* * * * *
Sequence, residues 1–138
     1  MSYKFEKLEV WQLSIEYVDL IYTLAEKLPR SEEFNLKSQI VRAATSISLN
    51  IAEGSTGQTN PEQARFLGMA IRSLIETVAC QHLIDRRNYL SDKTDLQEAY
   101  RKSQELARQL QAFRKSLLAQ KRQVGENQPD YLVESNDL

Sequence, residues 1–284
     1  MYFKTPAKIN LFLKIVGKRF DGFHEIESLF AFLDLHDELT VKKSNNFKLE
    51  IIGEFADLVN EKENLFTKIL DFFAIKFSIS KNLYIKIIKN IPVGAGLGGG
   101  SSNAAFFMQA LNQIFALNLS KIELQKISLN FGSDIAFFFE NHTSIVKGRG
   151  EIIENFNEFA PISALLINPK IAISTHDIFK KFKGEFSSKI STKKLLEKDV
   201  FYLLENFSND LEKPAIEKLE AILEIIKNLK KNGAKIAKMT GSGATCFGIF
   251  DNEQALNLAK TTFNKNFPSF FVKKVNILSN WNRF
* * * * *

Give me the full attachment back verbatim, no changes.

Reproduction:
Sequence, residues 1–138
     1  MSYKFEKLEV WQLSIEYVDL IYTLAEKLPR SEEFNLKSQI VRAATSISLN
    51  IAEGSTGQTN PEQARFLGMA IRSLIETVAC QHLIDRRNYL SDKTDLQEAY
   101  RKSQELARQL QAFRKSLLAQ KRQVGENQPD YLVESNDL

Sequence, residues 1–284
     1  MYFKTPAKIN LFLKIVGKRF DGFHEIESLF AFLDLHDELT VKKSNNFKLE
    51  IIGEFADLVN EKENLFTKIL DFFAIKFSIS KNLYIKIIKN IPVGAGLGGG
   101  SSNAAFFMQA LNQIFALNLS KIELQKISLN FGSDIAFFFE NHTSIVKGRG
   151  EIIENFNEFA PISALLINPK IAISTHDIFK KFKGEFSSKI STKKLLEKDV
   201  FYLLENFSND LEKPAIEKLE AILEIIKNLK KNGAKIAKMT GSGATCFGIF
   251  DNEQALNLAK TTFNKNFPSF FVKKVNILSN WNRF